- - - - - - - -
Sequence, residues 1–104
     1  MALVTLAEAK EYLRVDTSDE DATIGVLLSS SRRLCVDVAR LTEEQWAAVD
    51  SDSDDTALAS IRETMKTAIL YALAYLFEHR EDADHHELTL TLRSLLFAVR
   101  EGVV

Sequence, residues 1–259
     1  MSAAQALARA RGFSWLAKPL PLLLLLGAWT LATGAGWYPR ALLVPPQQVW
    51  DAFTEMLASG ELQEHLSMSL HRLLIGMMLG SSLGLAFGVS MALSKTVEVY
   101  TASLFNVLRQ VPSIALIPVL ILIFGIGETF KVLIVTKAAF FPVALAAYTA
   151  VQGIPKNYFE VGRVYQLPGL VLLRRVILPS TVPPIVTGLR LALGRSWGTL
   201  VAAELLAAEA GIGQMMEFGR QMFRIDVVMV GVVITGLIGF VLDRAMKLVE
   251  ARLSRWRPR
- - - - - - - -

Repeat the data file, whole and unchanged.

Sequence, residues 1–104
     1  MALVTLAEAK EYLRVDTSDE DATIGVLLSS SRRLCVDVAR LTEEQWAAVD
    51  SDSDDTALAS IRETMKTAIL YALAYLFEHR EDADHHELTL TLRSLLFAVR
   101  EGVV

Sequence, residues 1–259
     1  MSAAQALARA RGFSWLAKPL PLLLLLGAWT LATGAGWYPR ALLVPPQQVW
    51  DAFTEMLASG ELQEHLSMSL HRLLIGMMLG SSLGLAFGVS MALSKTVEVY
   101  TASLFNVLRQ VPSIALIPVL ILIFGIGETF KVLIVTKAAF FPVALAAYTA
   151  VQGIPKNYFE VGRVYQLPGL VLLRRVILPS TVPPIVTGLR LALGRSWGTL
   201  VAAELLAAEA GIGQMMEFGR QMFRIDVVMV GVVITGLIGF VLDRAMKLVE
   251  ARLSRWRPR